Old-World Acumen – Belgian Quadrupels

We were tempted to feature only U.S. beers in this story, but we had to praise the resident monks at the Abbey of Notre-Dame de Saint-Rémy near the town of Rochefort, Belgium. After all, the abbey has brewed beer since the end of the 16th century. “There’s so much that you can talk about [with] the new American craft breweries,” says Mesirow, “but those Trappist breweries have been doing things perfectly for hundreds of years.”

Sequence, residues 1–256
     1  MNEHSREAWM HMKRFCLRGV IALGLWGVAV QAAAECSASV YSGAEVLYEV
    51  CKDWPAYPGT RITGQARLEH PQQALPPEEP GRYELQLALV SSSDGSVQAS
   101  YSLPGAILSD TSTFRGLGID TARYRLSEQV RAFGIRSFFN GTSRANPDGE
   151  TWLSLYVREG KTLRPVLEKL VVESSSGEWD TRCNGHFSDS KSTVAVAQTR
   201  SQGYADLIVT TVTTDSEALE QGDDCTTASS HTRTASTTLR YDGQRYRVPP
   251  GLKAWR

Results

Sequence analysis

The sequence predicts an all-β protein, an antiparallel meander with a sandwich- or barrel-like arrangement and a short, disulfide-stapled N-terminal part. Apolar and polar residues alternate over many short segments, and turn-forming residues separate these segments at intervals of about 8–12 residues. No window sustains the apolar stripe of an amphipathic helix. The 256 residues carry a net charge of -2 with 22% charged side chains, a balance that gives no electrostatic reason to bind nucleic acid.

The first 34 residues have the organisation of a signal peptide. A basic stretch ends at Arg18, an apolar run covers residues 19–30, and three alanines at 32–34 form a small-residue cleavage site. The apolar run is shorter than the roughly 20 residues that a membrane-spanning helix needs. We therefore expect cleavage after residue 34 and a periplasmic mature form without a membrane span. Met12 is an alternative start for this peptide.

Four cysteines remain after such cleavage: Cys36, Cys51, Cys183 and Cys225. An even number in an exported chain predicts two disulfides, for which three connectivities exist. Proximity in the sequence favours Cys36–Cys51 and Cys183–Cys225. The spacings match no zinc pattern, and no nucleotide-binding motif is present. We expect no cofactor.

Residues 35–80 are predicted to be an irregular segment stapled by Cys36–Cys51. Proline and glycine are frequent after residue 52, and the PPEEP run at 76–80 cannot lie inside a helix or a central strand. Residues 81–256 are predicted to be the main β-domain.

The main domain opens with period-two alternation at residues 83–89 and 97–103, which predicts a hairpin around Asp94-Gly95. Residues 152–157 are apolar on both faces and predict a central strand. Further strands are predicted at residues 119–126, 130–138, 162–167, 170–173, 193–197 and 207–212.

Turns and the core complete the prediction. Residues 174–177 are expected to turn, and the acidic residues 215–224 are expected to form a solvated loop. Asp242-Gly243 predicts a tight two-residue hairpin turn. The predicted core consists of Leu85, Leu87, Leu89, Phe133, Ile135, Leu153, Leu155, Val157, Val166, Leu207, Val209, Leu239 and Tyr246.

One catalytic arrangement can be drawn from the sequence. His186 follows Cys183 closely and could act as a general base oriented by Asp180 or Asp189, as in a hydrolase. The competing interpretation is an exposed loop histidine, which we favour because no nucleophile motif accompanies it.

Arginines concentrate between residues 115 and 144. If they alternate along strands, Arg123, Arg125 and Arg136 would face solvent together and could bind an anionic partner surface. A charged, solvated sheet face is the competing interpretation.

The brewery’s crown jewel, Trappistes Rochefort 10, is a dark, sweet quadrupel that offers up flavors of raisins, plums, and dates. “It has a similar sweetness to a big scotch ale or a sweeter barley wine, but it’s effervescent despite its sweetness,” Mesirow says. “The surprising thing about it is that it’s pretty well carbonated, so it makes it much more drinkable than it should be for an 11 percent beer. This is another one of those beers where trouble is waiting to happen.”

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